Much like Burmese ruby and Kashmir sapphire, some pearls’ country of origin may significantly impact its value. Case in point: Japanese Kasumi pearls from Lake Kasumigaura. These gems are cultured and harvested by a very small group of pearl farmers and trade at a significant premium over their Chinese freshwater counterparts. Currently, the entire harvest of Lake Kasumi pearls is less than 33 lbs (15 kilos) per year. Unfortunately, Chinese freshwater in-body pearls are being misrepresented as Japanese Kasumi pearls, leading to much confusion in the trade and among consumers. “Japanese Kasumi pearls command on average 10 times the price,” says Sarah Canizzaro of importer Kojima Pearl Co., in San Rafael, Calif. Provenance is a major factor appraisers must consider when valuing these pearls. Her advice is to obtain copies of the client’s purchase receipts with dates wherever possible.
You may encounter other cases of mistaken identity affecting value, such as
- “¨saltwater Keshi versus freshwater Chinese ‘Keshi’ versus Japanese ‘Keshi’ versus American freshwater;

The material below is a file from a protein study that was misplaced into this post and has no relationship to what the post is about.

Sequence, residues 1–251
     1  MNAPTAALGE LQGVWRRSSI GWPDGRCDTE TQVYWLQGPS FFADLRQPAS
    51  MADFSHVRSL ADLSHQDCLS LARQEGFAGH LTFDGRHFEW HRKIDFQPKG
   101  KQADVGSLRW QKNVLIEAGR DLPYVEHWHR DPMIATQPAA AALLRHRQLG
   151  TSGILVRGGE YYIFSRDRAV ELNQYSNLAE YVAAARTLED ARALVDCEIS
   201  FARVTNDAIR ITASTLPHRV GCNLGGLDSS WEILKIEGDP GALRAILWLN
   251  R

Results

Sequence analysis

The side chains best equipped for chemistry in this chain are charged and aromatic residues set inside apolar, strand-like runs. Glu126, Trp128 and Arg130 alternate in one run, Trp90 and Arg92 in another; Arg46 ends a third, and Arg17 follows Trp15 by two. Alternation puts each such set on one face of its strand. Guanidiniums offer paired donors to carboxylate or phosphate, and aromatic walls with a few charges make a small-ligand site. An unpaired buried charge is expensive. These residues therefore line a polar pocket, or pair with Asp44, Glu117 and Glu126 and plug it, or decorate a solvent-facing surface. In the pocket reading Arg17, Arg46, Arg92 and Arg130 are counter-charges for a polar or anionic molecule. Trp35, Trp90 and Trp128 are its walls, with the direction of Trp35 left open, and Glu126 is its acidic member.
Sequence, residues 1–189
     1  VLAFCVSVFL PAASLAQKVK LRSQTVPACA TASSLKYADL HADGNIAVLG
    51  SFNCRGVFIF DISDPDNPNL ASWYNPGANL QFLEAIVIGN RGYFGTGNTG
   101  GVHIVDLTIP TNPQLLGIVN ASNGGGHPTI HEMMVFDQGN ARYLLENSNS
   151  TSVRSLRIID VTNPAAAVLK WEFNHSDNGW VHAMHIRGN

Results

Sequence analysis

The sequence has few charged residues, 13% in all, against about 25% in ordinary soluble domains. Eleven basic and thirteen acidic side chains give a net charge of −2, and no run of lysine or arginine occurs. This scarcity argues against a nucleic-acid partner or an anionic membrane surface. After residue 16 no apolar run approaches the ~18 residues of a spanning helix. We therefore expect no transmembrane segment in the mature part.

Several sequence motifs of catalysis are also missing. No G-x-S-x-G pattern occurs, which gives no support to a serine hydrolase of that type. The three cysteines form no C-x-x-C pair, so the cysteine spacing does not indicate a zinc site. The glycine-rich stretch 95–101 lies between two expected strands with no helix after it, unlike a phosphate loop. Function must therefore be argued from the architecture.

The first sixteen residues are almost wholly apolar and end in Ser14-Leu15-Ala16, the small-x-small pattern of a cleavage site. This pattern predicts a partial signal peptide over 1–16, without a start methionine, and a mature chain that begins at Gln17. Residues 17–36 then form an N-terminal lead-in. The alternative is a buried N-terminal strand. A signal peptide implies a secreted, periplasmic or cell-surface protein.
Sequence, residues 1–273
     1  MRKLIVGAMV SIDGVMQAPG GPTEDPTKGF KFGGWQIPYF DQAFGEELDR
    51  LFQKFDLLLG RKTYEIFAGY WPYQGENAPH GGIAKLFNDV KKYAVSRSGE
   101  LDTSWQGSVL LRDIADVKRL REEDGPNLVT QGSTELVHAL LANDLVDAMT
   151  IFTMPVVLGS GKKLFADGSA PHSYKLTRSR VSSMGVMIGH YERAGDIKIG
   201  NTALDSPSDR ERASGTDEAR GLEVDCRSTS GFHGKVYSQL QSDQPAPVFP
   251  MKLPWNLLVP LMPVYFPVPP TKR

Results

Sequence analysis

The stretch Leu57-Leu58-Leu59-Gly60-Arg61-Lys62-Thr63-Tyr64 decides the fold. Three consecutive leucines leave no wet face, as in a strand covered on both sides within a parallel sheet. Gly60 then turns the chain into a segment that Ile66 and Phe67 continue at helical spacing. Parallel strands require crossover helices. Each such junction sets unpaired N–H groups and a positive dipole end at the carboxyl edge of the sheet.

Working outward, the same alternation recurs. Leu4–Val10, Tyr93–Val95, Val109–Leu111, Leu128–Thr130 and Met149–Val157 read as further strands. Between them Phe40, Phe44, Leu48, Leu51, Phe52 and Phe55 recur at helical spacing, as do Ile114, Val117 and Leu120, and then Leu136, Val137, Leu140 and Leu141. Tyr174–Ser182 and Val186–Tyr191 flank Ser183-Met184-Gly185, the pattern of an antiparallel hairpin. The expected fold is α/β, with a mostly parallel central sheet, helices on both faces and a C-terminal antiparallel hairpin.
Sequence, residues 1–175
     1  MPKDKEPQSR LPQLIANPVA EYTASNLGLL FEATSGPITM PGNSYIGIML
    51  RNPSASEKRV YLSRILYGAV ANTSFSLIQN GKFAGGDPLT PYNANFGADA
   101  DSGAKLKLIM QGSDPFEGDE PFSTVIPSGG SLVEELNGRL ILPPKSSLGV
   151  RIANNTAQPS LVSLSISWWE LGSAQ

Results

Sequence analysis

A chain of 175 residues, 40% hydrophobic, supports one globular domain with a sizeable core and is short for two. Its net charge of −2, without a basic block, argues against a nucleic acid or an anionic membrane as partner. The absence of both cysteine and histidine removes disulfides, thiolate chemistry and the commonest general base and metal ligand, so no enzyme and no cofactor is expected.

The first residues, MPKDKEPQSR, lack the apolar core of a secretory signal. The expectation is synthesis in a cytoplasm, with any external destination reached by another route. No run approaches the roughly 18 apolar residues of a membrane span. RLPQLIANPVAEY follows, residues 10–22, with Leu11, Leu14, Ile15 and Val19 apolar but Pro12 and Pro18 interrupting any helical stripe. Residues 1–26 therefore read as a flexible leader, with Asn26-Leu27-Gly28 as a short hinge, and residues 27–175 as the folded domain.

- “¨cultured Akoya versus natural saltwater;
- “¨cultured freshwater versus natural freshwater;
- “¨cultured round Akoya versus cultured round freshwater; and
- “¨mixed pearl strands of various species, either antique or contemporary.
How can you avoid making costly errors? First, meet the suppliers. Many of them specialize in certain varieties, so get to know who sells what. Find out where they exhibit. If you cannot attend the major trade shows, you may be able to visit them at a regional gem show closer to home. Second, stay current to the latest trends, developments in perliculture, and treatments. It is essential appraisers understand which colours occur naturally and which do not and why. Become familiar with industry jargon and trade names, such as ‘fireball,’ ‘coin,’ and ‘petal.’ They’re incorrect from a gemmological point of view, but allow you to conduct market research and communicate effectively with pearl vendors.
Remember, pearl prices are a moving target, so use price guides in conjunction with your market research. Attend gemmological conferences, read trade journals, and participate in online appraisal and pearl forums. I have listed some excellent resources at the end of this article.
Fortunate appraisers may encounter some of the rare species, such as conch pearl, quahog, abalone, melo melo, or cave pearl (not a typo). Look carefully and you will find most of these at the Tucson gem shows or your natural history museum. I was thrilled to see a Victorian gold necklace by Carlo Giuliano set with a fringe of cave pearls at Heritage Auctions. Each species is exotic and unique, with its own set of grading criteria that go far beyond the scope of this article. Suffice to say, if you encounter any of these pearls, consult an expert.